I Read My Ex’s Diary And Detected He Never Loved Me
I don’t know why I answered my ex’s text message last weekend. I guess I was boredbecause my love life is more or less nonexistent. I also hadn’t heard from him in a while, and the curious part of me outweighed the rational part of me.
I broke up with him over a year ago, but the truth is, I never truly stopped loving him.
So when he texted me that he’d be spending a week in New York for a job interview, I told him he could stay with me in my tiny studio apartment. Offering my home to my homeless, unemployed ex-lover seemed like a altruistic thing to do, but I won’t deny that I had my fair share of selfish motives.
Our first night together was wonderful. I satisfied him on a street not far from my office, in the frost cold tundra that is New York in wintertime. We decided to go to dinner, and itwas great: We talked about work, determining ourselves and his tentative plans for the future. The conversation flowed the same way it did three years ago when we met; the only difference was we’re both simply a little bit older.
We went home, and I helped him unpack his things while he got settled in. We got “re ready for” bed and laythere, continuing dialogue. Then I kissed him on the cheek.
What happened next was only natural: sober, passionate sexuality. It was great in that kind of route you can only appreciate when you’ve gone too long without something you should have had in your life all along.
The next day wasn’t bad, either. When he came home from running errands, I laid out pizza and tidied the shower for him. I enjoyed taking care of him. It felt like we were together again.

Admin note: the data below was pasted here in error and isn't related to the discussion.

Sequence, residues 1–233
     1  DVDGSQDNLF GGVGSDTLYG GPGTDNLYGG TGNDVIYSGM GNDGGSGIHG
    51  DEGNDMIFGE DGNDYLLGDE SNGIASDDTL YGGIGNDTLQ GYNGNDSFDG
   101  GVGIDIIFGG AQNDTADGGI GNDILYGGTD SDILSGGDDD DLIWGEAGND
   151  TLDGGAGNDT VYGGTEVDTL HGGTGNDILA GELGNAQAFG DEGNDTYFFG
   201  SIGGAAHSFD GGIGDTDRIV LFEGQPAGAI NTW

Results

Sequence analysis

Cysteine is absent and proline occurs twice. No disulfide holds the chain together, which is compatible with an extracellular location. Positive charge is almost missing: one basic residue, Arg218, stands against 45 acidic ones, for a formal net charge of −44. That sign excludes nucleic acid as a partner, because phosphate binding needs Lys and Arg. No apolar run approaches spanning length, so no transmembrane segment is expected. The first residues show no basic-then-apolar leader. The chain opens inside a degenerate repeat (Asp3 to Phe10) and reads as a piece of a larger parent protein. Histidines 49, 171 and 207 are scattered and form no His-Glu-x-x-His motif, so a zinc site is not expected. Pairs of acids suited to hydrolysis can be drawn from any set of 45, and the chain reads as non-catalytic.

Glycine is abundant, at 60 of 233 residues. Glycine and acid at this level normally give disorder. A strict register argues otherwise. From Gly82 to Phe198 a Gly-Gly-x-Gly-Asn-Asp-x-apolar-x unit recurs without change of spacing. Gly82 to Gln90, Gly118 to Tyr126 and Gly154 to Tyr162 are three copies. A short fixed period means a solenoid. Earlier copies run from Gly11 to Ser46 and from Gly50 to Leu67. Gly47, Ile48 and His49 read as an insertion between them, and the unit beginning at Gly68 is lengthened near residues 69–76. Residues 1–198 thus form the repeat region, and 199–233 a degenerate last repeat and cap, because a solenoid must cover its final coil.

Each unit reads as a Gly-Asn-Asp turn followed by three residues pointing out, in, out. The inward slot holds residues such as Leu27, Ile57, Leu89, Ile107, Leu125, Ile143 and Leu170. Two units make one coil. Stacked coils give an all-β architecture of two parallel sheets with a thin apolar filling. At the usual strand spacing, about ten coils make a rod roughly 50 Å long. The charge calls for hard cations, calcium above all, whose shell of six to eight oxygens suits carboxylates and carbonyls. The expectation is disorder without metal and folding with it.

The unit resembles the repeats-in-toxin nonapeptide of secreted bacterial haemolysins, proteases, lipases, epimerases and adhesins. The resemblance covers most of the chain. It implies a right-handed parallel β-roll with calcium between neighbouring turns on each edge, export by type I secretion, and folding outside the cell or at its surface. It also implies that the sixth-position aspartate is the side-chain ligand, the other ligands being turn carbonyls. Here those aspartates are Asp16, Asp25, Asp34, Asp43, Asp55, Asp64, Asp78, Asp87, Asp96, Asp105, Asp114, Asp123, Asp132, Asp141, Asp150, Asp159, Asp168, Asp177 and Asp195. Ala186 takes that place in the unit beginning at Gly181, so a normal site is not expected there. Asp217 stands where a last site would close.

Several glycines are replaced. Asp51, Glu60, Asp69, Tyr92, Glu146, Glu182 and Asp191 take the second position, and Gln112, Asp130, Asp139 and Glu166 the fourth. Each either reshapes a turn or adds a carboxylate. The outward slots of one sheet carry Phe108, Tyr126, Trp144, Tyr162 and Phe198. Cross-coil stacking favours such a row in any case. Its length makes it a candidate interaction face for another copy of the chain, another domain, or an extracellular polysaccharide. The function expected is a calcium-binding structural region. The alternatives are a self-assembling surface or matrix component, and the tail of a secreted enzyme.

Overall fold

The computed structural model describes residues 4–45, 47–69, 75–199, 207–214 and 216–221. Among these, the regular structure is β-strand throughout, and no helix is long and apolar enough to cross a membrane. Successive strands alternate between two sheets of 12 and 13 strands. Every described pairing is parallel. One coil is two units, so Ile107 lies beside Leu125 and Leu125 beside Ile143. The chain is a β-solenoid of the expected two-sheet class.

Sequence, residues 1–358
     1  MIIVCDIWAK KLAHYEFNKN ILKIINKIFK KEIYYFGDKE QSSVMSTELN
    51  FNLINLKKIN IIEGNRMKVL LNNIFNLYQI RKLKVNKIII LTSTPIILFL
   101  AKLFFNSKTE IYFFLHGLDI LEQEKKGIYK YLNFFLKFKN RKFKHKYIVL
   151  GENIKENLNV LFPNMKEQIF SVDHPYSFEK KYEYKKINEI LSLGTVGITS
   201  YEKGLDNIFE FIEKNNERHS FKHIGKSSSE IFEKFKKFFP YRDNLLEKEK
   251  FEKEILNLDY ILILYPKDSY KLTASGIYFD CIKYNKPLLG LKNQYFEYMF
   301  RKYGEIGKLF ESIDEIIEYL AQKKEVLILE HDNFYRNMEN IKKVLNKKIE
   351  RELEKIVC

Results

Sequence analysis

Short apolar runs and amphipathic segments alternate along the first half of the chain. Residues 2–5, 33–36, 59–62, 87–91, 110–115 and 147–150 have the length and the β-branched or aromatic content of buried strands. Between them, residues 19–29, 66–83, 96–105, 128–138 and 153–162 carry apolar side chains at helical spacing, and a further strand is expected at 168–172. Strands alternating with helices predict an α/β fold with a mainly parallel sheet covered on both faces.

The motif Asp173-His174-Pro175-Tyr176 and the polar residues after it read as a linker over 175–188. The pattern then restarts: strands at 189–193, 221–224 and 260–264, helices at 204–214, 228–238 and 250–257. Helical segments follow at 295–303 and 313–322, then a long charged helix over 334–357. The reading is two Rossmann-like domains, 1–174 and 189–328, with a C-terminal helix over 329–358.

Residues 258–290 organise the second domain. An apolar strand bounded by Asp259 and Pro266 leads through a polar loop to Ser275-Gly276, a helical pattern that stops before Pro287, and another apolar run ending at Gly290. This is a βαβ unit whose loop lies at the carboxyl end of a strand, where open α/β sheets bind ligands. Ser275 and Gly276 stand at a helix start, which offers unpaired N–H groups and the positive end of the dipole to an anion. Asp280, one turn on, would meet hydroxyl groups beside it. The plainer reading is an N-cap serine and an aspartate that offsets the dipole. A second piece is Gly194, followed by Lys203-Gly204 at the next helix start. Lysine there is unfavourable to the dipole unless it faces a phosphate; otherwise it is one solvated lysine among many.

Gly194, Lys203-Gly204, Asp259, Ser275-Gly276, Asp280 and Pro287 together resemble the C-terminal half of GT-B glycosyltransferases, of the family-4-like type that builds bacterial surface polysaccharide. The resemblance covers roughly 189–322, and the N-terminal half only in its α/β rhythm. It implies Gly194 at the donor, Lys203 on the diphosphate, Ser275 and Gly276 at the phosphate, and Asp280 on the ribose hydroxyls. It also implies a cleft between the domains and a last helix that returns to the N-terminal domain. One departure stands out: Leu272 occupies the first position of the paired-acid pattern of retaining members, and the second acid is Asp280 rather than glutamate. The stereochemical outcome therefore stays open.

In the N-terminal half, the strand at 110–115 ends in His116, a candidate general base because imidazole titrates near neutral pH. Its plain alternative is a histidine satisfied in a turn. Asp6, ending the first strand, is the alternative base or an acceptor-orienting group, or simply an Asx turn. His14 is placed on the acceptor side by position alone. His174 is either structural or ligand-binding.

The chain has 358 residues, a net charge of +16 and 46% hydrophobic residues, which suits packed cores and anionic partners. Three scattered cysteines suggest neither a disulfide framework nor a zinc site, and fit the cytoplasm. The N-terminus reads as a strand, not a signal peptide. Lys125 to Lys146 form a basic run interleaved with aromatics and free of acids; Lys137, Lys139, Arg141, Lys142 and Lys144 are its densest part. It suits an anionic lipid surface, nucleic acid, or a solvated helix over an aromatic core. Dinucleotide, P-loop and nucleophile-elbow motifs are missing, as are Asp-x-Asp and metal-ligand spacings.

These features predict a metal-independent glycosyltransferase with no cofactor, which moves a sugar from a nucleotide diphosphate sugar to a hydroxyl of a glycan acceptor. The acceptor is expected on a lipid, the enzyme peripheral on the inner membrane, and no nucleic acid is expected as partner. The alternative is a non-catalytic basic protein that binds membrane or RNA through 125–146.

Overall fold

I’d forgotten what it felt like to be that intimate with someone.
On the third day, he had a bunch of physician appointments lined up, so he went out for the working day while I went to work. When I got home, I noticed he had left his backpack on the floor by my bed.
I stopped cold.
The frumpy black container gazed at me, practically praying to be opened. I didn’t genuinely expect to find much in it — aftershave? Condoms? Maybe some snacks? — but when I unzipped the pocket, I find all of those things, plus a little diary.
Ah, that’s right . My ex loved to write.
For a moment, I hesitated, clutching the diary in my hands as if someone were trying to steal it from me. I considered calling my best friend to consult her about whether I should open it. Merely that’d be fruitless, because I had already made a decision. There were so many things I wanted to know. There were so many things I wanted him to say.
Time wasn’t on my side; I had an hour to read this thing covering to covering. And that’s exactly what I did.
There were carefully chronicled descriptions of every hot passerby 😛 TAGEND
Then, this girl in all white strolled onto the metro platform. God DAMN, she was so sexy.
There were confessions of body insecurities, which surprised me the most, because he was fit to a T 😛 TAGEND